by Jay Ghurye, Mihai Pop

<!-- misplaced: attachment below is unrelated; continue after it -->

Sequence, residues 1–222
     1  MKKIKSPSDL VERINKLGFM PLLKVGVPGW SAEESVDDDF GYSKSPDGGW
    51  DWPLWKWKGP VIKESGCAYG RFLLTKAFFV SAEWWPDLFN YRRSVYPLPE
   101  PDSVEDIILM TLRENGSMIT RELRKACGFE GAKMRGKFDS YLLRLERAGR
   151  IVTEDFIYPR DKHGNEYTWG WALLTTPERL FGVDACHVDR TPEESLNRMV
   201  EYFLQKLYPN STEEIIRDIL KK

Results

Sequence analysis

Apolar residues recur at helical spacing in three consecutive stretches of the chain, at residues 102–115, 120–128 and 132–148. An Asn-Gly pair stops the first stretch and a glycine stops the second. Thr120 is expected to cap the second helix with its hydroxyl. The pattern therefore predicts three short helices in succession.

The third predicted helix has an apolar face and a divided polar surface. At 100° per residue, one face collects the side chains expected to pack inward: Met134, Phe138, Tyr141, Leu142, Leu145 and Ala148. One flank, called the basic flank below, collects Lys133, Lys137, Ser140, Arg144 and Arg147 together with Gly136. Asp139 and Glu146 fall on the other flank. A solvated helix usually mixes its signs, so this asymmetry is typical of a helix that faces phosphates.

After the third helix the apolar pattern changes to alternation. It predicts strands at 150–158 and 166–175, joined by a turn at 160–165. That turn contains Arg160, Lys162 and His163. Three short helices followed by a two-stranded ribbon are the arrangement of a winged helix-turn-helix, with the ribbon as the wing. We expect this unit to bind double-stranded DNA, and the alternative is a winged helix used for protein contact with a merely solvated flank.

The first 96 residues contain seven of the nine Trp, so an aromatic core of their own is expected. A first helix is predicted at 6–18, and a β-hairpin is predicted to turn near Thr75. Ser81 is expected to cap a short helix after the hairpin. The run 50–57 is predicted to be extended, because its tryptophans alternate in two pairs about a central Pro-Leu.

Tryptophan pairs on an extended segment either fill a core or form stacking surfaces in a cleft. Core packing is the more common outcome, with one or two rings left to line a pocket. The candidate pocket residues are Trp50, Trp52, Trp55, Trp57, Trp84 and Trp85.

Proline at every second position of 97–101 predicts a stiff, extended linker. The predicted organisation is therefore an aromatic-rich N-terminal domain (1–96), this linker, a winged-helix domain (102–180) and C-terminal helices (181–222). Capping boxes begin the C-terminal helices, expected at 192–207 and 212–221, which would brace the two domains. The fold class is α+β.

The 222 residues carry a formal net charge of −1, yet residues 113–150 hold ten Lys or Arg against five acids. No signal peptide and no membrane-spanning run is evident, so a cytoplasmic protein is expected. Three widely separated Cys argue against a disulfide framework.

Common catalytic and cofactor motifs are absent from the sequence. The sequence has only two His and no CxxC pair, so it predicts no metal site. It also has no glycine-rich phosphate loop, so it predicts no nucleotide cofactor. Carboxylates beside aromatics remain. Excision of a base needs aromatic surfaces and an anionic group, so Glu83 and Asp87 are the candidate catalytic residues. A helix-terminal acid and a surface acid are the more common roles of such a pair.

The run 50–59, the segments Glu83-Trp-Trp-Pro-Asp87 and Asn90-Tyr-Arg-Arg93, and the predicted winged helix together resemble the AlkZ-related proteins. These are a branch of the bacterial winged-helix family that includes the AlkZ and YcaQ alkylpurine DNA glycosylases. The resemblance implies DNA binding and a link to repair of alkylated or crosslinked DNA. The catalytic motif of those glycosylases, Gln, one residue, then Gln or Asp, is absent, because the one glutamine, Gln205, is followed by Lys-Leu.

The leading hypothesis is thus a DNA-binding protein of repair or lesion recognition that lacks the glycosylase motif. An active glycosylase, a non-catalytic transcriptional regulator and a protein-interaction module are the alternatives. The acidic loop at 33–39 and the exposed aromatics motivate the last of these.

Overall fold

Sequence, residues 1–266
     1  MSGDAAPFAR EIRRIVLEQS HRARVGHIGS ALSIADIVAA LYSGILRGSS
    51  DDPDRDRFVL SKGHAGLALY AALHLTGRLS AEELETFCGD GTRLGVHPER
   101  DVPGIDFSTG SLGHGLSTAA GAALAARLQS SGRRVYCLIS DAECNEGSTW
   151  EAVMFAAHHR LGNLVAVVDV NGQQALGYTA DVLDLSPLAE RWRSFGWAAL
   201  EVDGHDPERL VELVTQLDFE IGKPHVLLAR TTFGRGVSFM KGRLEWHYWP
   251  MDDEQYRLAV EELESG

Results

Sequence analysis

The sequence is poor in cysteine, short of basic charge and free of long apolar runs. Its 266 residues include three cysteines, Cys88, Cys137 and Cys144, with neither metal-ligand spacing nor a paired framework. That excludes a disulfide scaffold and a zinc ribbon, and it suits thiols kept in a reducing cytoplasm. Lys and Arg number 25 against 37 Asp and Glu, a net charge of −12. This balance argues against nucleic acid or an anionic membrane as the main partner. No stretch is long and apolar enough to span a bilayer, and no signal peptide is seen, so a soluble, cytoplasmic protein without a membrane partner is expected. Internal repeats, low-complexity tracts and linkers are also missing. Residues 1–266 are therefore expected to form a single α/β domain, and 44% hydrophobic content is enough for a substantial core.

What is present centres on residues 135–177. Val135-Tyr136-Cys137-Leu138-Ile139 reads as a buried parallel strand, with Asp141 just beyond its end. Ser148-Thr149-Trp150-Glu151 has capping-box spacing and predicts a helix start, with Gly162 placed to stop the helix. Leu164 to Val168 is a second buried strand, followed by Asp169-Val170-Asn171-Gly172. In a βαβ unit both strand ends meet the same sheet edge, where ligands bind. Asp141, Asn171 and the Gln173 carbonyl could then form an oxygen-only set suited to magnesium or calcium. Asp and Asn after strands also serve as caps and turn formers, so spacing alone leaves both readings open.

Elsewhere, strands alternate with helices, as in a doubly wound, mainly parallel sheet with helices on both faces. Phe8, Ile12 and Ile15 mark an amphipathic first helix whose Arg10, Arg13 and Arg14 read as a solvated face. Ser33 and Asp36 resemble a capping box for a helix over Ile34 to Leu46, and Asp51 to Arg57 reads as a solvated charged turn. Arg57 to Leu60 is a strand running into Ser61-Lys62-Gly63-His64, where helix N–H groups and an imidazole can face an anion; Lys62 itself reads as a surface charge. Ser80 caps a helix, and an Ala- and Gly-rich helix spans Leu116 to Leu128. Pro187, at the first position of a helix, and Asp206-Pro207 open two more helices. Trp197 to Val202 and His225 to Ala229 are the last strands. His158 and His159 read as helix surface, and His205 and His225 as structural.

The computational reconstruction of genome sequences from shotgun sequencing data has been greatly simplified by the advent of sequencing technologies that generate long reads. In the case of relatively small genomes (e.g., bacterial or viral), complete genome sequences can frequently be reconstructed computationally without the need for further experiments. However, large and complex genomes, such as those of most animals and plants, continue to pose significant challenges. In such genomes, assembly software produces incomplete and fragmented reconstructions that require additional experimentally derived information and manual intervention in order to reconstruct individual chromosome arms. Recent technologies originally designed to capture chromatin structure have been shown to effectively complement sequencing data, leading to much more contiguous reconstructions of genomes than previously possible. Here, we survey these technologies and the algorithms used to assemble and analyze large eukaryotic genomes, placed within the historical context of genome scaffolding technologies that have been in existence since the dawn of the genomic era.
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